The video game industry is a booming one, so there’s no better time to do a diploma in game design from JMC Academy.
This extensive course will teach you the fundamentals of game development, from drawing, to animation and graphics, and help develop the skills you’ll need to enter this field.
With expert instruction from industry professionals and hands on experience with the techniques and equipment used in the production of games this will help you get your career started as a game designer, character artist or even game tester!
Nationally recognised - meets Australian Qualifications Framework standards.
At least 17 years of age, a written application & interview
NSW - Sydney
QLD - Brisbane
VIC - Melbourne
Study from anywhere, when it suits you best and graduate with the identical qualification as an on-campus student.
Study part of the course online. Combine your online learning with classes or practical sessions on-campus at a college or university.
Attend classes on-campus at a university, TAFE or college and interact face-to-face with teachers and fellow students.
3 start dates per year.
JMC Academy is Australia's leading educator in the entertainment industry.
You will learn from a dedicated team of industry professionals, and you’ll gain hands-on skills in a supportive environment.
All campuses have the latest professional facilities – such as digital media and 3D animation labs, recording studios, digital television studios and editing suites.
Study now pay later – FEE-HELP
12-month interest free payment planTerms & conditions apply
The cost of a course can vary depending on a few factors, including:
Become trained in:
This unit seeks to provide some of the fundamental skills needed to help visualise ideas and to translate them into representations in 2D and 3D.
The unit does not assume any level of existing skill but instead starts from the most basic elements of design and drawing with the belief that any able person can learn to draw competently. Imaginative interpretation, visual conceptualising of story and story elements, and the representation of narrative moments, form the primary thrust of the unit. Exercises will be directed toward an art direction project and the visualisation of character and story.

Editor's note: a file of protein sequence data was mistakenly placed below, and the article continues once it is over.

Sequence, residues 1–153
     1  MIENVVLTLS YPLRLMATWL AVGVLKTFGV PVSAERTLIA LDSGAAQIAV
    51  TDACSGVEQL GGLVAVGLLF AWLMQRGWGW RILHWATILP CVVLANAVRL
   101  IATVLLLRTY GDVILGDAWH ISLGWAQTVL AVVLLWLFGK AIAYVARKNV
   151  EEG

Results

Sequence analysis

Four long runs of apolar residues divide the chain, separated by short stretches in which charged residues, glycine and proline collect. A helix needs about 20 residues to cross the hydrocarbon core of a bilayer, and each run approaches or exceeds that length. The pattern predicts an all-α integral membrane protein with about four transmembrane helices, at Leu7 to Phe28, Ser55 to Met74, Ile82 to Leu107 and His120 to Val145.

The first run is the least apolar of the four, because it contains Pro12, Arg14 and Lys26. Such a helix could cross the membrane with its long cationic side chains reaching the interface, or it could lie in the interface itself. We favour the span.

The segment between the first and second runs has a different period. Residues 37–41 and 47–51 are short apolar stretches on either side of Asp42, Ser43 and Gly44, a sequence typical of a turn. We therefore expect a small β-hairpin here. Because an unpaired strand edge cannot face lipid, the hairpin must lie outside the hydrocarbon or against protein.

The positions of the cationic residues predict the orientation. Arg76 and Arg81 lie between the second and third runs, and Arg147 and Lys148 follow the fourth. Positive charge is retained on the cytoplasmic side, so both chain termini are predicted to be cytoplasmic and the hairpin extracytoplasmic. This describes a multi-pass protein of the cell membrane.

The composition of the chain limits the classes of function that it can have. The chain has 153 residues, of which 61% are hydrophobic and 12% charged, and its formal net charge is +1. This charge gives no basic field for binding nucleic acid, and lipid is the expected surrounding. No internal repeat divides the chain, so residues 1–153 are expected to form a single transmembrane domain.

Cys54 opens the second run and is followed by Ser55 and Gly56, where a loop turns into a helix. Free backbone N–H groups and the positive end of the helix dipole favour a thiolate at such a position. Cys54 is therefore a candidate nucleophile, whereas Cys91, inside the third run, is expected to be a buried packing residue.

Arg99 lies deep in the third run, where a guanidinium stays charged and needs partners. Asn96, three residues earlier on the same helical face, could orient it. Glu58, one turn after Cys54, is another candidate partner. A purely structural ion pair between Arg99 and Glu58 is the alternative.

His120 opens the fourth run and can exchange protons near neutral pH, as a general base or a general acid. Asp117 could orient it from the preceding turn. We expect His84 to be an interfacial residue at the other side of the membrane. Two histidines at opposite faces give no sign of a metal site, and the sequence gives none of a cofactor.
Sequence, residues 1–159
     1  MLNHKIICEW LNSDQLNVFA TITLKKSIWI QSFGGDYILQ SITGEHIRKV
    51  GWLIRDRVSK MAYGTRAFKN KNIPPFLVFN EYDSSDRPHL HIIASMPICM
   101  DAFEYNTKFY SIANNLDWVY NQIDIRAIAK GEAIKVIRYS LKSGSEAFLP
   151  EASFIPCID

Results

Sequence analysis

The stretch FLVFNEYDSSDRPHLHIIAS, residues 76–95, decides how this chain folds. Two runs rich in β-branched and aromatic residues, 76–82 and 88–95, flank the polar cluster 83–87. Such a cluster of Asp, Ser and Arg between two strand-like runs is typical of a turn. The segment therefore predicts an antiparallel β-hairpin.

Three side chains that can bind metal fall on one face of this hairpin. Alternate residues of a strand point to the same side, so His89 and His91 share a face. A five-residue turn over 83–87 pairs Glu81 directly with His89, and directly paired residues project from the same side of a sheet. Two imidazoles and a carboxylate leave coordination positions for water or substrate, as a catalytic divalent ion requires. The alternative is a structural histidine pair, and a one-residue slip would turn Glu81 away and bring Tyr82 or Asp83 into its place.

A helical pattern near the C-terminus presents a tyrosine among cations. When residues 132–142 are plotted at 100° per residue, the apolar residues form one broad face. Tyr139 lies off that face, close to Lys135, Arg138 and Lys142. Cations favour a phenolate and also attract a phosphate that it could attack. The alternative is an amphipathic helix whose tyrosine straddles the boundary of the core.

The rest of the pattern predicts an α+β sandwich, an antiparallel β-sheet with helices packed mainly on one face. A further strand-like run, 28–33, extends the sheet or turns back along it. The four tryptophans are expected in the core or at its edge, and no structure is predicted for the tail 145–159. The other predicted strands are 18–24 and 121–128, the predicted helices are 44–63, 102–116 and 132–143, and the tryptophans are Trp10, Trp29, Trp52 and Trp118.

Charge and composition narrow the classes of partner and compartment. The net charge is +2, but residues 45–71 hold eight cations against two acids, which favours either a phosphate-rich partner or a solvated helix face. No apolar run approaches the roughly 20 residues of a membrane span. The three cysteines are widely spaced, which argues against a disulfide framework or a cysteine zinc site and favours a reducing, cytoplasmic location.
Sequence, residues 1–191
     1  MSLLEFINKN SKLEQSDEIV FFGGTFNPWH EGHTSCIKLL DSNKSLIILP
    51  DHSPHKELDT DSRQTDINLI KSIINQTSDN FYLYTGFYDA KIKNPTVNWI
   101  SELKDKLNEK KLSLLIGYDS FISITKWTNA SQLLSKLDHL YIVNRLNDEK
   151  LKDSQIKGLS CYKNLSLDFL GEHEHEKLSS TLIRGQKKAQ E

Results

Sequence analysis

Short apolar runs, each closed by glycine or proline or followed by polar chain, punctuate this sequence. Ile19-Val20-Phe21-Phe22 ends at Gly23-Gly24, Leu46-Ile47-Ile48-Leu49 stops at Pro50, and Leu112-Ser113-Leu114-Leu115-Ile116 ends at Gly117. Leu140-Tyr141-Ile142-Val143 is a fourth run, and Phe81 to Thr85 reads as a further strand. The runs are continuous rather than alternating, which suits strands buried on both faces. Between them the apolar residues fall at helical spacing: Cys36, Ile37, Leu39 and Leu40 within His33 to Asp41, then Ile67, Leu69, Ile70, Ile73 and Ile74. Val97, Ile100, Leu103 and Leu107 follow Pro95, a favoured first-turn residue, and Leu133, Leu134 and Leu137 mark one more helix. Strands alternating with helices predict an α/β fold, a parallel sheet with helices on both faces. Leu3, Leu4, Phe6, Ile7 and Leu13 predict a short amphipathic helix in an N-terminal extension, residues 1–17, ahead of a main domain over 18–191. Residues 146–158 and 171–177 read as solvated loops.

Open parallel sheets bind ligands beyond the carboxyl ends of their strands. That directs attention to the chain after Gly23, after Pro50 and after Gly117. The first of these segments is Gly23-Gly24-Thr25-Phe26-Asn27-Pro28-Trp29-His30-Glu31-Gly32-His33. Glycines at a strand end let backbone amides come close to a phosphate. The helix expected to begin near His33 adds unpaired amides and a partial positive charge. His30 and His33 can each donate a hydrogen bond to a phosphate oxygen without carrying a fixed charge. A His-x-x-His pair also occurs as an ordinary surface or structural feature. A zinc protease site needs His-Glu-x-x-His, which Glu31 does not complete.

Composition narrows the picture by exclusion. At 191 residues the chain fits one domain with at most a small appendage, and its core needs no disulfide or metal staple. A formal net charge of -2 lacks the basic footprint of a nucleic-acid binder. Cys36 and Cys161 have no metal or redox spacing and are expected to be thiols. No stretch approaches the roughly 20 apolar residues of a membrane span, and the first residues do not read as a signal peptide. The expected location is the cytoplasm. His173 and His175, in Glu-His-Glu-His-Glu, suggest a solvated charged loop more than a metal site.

The aim of this unit is to build in students an awareness of a reliable and thorough creative process. It aims to instil commitment, individual and group, to that process, and to provide working tools for the origination and development of creative projects.
Students will work in small groups, through 3 distinct stages, towards a Prototype Proposal that deals with the challenge of approaching a creative career. This research exploration will include student backgrounds, interests, aspirations and expectations, then explore the links, similarities and differences between the group members.
Creative outcomes will include both individual and group generated content as the result of a design-thinking based structure or information framework that links the research findings. The final outcome of the 3 stages is a Prototype Proposal that will contain evidence of the creative process applied to the development of a proposed design project. This proposal could be an animated film, a game, a digital interactive work, web site or similar.
For game designers, creating effective and tightly designed game play is made possible only with an understanding of fundamental core programming concepts.
This unit provides this introduction to games development, where students will begin to develop an understanding of games programming and game engine operation, by writing games-focused software scripts in the C# language using the Unity games engine Application Programming Interface (API).